Salt pork vs bacon, what makes them different from each other? All the information that you need is in this post. This article will help you determine which kind of meat you need to buy for your next trip to the supermarket.
Bacon is a popular choice for many people. What about salt pork? What similarities do the 2 dishes share? All these questions will soon have reasonable explanations that satisfy your curiosity.
So keep scrolling, and you will uncover more secrets that separate pork belly from bacon. Let’s dive right into it.
First, you need to understand how salt pork came into the world of cuisine. Although salt pork has already appeared for quite some time along with human history, many people don’t fully understand what salt pork is.
It is unclear when salt pork made its way into the world’s cuisine. But it was popular among navy personnel and military in the 17th century. Thanks to its long-lasting feature, salt pork was used in long voyages as reserved foods until the 19th century. (1)
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Salt pork is often used as a seasoning for soup and stew in today’s world. Because of the saltiness and fat, it’s a great way to enhance and give flavor to dishes.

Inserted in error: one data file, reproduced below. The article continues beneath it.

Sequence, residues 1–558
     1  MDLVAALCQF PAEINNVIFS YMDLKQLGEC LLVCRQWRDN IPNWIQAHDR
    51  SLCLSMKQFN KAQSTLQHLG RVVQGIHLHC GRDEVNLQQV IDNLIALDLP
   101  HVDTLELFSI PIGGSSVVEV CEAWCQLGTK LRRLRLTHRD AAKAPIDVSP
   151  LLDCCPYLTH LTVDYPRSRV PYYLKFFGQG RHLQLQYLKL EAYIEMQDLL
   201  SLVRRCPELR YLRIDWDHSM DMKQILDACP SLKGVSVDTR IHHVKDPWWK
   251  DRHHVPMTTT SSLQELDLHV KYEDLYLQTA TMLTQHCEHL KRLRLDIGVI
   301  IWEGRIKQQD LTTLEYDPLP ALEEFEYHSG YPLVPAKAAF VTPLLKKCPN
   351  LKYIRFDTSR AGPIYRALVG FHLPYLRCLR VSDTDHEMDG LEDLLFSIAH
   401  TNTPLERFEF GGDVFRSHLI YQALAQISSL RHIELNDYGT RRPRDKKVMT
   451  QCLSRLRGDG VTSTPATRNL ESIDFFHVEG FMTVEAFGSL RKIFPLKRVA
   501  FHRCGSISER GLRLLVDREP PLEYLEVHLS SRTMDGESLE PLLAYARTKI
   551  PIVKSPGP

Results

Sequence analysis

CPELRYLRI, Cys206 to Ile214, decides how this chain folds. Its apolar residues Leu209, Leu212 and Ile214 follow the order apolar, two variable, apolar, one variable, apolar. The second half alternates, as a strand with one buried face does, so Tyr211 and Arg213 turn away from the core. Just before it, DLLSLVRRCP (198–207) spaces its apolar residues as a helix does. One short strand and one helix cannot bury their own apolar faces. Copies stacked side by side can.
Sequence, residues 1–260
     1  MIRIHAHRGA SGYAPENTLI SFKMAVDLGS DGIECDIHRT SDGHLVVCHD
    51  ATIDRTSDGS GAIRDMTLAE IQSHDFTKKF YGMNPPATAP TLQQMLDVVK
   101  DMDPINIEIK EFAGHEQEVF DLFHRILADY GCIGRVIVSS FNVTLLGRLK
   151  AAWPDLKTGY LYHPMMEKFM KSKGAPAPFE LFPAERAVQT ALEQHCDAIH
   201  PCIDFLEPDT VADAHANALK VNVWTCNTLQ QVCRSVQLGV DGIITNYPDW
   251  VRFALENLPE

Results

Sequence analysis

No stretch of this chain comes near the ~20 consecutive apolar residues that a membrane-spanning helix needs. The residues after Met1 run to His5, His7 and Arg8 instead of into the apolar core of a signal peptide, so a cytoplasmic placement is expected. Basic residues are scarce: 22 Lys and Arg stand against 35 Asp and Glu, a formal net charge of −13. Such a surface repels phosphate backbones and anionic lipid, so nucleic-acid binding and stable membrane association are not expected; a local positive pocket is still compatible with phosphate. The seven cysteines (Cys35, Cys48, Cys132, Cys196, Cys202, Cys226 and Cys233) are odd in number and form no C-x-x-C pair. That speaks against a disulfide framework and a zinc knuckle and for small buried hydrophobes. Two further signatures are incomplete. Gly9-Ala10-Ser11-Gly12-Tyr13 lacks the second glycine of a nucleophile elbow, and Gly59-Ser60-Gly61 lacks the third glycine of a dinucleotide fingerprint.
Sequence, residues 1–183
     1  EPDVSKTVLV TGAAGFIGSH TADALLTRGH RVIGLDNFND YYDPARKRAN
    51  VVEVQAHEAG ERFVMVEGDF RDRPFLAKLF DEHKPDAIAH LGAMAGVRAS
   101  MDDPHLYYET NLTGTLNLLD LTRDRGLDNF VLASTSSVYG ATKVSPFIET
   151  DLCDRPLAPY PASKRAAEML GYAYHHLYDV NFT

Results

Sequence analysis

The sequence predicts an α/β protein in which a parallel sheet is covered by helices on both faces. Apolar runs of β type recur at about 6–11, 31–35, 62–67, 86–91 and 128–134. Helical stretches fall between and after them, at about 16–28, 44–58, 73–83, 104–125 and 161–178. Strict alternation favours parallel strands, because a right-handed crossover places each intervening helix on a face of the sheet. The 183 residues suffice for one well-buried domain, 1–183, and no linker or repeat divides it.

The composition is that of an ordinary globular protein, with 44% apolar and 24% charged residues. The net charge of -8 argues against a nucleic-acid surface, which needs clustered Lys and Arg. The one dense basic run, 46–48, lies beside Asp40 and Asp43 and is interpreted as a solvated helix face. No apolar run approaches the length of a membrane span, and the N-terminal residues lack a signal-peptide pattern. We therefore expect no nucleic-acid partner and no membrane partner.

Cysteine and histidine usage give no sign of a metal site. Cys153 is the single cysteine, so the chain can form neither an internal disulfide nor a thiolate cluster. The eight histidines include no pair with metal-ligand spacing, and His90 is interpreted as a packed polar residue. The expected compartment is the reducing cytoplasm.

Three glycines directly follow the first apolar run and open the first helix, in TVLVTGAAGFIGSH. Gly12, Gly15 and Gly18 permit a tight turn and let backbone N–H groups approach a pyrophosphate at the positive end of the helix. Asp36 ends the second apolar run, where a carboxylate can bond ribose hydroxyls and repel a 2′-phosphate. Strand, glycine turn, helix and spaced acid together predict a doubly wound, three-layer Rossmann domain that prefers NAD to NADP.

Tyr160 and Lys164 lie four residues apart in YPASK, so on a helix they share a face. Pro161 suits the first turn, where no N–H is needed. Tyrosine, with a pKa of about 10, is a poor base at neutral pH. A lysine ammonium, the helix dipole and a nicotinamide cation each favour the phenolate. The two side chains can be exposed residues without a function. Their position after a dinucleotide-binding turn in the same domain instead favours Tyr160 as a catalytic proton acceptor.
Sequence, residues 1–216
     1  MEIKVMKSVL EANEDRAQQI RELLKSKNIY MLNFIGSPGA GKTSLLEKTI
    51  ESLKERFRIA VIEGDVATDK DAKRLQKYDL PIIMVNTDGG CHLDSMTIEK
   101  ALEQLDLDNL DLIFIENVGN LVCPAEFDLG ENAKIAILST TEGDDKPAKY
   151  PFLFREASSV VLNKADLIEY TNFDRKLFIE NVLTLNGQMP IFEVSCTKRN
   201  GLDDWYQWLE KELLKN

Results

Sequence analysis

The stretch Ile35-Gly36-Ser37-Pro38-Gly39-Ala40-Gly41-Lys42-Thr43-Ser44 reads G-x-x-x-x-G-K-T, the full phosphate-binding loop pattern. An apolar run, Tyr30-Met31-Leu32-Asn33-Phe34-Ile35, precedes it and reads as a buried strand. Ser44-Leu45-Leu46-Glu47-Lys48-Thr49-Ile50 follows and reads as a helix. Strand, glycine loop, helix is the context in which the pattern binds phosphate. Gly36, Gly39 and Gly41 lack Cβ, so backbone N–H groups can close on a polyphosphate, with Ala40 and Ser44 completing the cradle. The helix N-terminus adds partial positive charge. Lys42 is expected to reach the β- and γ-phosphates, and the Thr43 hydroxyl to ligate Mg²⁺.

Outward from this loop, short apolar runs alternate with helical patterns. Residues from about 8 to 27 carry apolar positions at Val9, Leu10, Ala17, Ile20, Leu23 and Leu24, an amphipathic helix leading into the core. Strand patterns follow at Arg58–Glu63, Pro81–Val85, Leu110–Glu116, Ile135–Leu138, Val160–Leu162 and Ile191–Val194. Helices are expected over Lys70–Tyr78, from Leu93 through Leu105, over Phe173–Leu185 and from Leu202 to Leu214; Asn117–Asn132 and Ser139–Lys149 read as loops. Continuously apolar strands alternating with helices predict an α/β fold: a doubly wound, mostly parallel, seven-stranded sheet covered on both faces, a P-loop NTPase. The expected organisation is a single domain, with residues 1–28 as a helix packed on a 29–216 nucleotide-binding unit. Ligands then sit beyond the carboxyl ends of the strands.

Salt pork is mostly extracted from the belly part of the pig. In some rare cases, people will use the fatback to make salt pork.
After that, it will be cured in a suitable salt variety or brine solution for at least 2 days. The pork belly has the highest fat content and gives salt pork a smooth texture.
In addition, the excessive use of salt will make the meat saltier than any traditional cured meat. Salt pork is known to last long. If it is kept whole, preservation time could last up to 4-5 months in a fridge or freezer.
3. Types Of Salt Pork
Salt pork can have many varieties around the world. Here are some of the most common salt pork that is well known worldwide.
Jerky is a dehydrated version of meat. It is often cut into strips and marinated with other spices to create a flavorful taste. Salt is applied to jerky to prevent the development of bacteria that could lead to spoilage of the meat.